It took Gov. Dannel P. Malloy and other officials about 20 minutes to travel from New Britain to Hartford on Tuesday on a tour of the 9.4-mile dedicated bus route that is scheduled to open in March.
The busway, named CTfastrak by the state, will be open to the public on March 28. Construction workers were putting the finishing touches on many of the route’s 11 stops Tuesday afternoon as Malloy, Hartford Mayor Pedro Segarra, and several area legislators rode by on a pair of green buses.
They boarded at the state Capitol building and made their way down to New Britain with a few stops along the way.
Then the buses made a straight shot back to Hartford. It took about 20 minutes — a little slower than the Transportation Department’s 17-minute estimate, but the buses slowed often to avoid piles of sand or construction equipment that sometimes crowded the guideway.
Malloy already has signaled that addressing the state’s aging transportation infrastructure will be a top priority during his second term, which will begin when he is sworn in again Jan. 7.
The Tuesday trip represents the near completion of a project he approved early in his first term when he greenlighted a busway that had been discussed by the state for a decade. He said the alternative route between the two cities will prove useful when future projects, like the replacement of the I-84 viaduct, are under way.
“A lot of this is about our ability to move people in and out of Hartford particularly when it comes time to address the I-84 issue with the raised roadway that is going to have to be replaced. Building alternative systems of transportation makes a lot of sense,” he said.
The project has plenty of opponents. It was rebranded as CTfastrak after detractors had taken to calling it things like the “busway to nowhere.” Most who oppose the busway believe it will be under-utilized for a bus route with a $569 million price tag, even if that cost is largely covered by federal dollars.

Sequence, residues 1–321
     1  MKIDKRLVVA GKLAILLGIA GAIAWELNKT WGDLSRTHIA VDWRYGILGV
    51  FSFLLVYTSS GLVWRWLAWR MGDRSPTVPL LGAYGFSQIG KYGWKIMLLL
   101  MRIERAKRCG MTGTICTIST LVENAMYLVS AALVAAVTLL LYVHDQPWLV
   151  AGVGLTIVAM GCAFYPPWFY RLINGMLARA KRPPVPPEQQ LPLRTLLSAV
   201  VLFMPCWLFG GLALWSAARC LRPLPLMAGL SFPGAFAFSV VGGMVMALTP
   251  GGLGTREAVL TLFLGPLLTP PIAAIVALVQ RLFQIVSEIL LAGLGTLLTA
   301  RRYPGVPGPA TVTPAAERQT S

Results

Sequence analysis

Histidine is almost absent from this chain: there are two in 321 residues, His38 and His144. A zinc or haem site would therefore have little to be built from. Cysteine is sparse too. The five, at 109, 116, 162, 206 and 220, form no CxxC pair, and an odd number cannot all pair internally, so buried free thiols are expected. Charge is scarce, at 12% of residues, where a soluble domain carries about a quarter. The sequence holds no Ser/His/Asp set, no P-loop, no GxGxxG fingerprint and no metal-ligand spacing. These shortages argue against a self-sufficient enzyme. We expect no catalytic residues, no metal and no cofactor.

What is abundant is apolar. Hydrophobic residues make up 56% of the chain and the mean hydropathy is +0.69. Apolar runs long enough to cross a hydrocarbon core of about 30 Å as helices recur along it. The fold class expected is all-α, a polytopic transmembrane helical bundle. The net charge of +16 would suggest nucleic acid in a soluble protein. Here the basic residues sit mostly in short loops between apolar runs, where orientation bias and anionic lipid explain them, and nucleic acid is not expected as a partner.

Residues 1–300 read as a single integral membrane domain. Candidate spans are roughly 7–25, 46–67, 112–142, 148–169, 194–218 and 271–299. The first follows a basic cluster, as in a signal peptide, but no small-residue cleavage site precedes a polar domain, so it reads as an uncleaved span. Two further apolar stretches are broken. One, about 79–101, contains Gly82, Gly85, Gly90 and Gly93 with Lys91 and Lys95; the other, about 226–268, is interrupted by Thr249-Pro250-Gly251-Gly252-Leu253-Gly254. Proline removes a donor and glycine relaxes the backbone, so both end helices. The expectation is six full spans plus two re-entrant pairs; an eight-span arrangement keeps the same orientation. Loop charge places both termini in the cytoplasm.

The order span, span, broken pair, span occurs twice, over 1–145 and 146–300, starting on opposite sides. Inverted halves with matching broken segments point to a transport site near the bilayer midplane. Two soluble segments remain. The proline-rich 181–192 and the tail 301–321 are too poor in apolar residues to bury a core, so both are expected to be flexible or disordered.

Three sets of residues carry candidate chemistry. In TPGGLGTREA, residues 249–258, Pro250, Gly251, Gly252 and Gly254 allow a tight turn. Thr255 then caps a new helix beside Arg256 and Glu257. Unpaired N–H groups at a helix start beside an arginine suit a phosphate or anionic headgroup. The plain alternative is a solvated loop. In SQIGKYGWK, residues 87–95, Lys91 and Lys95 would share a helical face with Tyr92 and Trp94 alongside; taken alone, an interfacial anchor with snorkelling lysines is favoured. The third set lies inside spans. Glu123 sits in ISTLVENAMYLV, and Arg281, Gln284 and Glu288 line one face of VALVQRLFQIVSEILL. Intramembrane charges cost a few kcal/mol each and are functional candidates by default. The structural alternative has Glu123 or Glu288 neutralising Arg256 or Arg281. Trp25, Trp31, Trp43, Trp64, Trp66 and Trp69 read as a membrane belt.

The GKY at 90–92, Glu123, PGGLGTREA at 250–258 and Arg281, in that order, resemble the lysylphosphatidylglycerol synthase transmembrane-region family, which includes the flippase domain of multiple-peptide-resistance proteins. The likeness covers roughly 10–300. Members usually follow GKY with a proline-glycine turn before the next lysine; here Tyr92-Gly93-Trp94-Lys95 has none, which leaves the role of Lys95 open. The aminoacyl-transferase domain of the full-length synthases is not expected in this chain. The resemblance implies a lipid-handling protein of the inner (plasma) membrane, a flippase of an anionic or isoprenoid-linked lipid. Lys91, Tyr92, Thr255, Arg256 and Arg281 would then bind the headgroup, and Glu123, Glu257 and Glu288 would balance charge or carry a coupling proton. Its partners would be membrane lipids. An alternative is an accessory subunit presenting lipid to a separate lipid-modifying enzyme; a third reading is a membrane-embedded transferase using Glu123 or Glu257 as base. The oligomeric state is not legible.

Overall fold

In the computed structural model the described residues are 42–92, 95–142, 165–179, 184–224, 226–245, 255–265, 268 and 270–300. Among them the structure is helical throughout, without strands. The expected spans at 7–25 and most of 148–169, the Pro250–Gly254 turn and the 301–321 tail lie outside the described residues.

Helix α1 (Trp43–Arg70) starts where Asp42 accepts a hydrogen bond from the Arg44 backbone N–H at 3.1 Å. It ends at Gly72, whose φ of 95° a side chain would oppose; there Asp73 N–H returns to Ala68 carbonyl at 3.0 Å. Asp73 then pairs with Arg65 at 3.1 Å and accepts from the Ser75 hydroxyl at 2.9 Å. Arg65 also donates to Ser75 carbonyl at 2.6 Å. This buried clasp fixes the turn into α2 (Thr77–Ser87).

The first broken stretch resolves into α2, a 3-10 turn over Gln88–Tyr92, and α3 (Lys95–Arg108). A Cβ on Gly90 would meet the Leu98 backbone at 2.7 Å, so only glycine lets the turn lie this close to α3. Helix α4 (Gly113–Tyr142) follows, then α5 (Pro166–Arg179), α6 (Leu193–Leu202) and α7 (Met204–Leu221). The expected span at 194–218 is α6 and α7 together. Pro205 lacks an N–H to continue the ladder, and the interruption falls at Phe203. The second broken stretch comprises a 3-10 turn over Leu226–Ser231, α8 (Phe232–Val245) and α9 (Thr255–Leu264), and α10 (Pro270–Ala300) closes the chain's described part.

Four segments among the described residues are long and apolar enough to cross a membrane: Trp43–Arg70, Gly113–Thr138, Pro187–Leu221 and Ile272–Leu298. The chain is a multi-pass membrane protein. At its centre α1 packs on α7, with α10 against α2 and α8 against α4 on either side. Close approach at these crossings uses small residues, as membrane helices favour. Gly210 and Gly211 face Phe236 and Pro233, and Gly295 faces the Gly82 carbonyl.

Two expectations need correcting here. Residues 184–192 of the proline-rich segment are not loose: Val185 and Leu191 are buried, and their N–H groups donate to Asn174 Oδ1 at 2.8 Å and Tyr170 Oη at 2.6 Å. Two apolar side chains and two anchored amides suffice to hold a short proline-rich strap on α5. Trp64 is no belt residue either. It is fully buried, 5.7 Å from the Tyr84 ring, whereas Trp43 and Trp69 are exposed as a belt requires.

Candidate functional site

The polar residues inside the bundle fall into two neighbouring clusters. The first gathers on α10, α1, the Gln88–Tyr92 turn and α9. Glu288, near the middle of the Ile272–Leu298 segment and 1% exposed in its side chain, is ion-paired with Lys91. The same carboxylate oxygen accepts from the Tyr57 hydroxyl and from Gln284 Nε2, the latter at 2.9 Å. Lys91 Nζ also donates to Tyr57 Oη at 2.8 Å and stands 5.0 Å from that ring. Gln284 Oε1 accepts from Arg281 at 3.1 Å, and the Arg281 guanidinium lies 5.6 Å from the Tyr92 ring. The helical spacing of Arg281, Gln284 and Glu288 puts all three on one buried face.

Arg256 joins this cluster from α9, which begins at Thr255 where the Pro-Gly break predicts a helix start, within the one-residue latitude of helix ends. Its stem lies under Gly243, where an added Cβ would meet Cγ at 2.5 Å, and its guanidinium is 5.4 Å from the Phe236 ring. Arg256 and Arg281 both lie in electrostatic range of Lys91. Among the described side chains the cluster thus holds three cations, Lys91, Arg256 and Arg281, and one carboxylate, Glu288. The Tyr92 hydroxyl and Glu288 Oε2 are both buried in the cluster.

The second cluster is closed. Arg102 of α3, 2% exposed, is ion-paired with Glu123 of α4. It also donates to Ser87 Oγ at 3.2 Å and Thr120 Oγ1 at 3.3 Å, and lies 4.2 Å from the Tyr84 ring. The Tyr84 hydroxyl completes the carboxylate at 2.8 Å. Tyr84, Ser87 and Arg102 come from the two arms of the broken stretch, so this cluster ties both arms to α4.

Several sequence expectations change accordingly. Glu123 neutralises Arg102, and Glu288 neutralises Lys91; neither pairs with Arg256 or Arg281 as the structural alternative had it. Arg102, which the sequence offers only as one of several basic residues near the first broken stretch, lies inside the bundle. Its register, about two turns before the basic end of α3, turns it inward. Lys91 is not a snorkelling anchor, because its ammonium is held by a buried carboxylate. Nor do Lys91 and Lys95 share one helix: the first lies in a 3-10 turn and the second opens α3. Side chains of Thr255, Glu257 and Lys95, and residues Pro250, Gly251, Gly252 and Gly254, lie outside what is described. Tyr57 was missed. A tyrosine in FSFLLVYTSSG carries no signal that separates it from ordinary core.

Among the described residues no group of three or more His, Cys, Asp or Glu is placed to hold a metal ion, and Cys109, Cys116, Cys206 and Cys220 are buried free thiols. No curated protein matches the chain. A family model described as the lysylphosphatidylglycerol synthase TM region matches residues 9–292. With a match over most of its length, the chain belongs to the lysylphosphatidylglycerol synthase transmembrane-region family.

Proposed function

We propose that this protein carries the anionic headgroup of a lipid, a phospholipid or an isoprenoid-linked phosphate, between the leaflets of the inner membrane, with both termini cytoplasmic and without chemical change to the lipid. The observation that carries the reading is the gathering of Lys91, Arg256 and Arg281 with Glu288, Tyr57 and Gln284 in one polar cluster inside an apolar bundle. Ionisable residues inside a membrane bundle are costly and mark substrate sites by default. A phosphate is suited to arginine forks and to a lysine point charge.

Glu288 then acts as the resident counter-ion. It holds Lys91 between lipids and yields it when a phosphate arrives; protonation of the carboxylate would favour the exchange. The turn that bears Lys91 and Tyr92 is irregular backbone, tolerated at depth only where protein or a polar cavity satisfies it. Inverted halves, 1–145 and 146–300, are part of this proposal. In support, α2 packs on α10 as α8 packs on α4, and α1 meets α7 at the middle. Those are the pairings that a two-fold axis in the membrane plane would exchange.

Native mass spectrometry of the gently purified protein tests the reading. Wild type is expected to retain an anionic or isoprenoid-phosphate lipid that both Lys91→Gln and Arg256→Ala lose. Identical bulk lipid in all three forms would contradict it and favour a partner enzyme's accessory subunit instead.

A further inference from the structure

Malloy told reporters Tuesday that opposition to the project was enough to give him pause and do more research.
“This would have been an easy thing for me to kill but, as I understood the project, I became firmly convinced that this is the way to go, the project to build, and, on a long-term basis, this would be a winner,” he said.
Malloy said the state did not have the option, as some have called for, to scrap the project and use the federal funding on some other effort. “It was this or [the money] goes back to Washington,” he said.
On Tuesday, the governor said he believes Connecticut residents were beginning to embrace the project. He said he expected the busway’s popularity to “build over time” and encourage economic development along its route.
During the tour, DOT Transit Administer Michael Sanders said the department expects to encounter some issues with snow removal in sections of the busway “where we have fairly narrow shoulders and no place to throw the snow.” He said it will require “unique” snow removal methods.
“The guideway is closed for three or four hours every morning. We could do nighttime, overnight snow removal operations. We also have workaround plans so if we need to pay particular attention to a segment of it we could run a detour around that segment,” he said.